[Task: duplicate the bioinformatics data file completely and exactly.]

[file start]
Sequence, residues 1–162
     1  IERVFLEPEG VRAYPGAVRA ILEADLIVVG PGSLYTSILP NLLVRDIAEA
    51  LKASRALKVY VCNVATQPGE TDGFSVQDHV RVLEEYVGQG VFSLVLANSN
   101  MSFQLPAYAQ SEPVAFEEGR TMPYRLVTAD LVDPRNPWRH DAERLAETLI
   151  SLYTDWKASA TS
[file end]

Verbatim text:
Sequence, residues 1–162
     1  IERVFLEPEG VRAYPGAVRA ILEADLIVVG PGSLYTSILP NLLVRDIAEA
    51  LKASRALKVY VCNVATQPGE TDGFSVQDHV RVLEEYVGQG VFSLVLANSN
   101  MSFQLPAYAQ SEPVAFEEGR TMPYRLVTAD LVDPRNPWRH DAERLAETLI
   151  SLYTDWKASA TS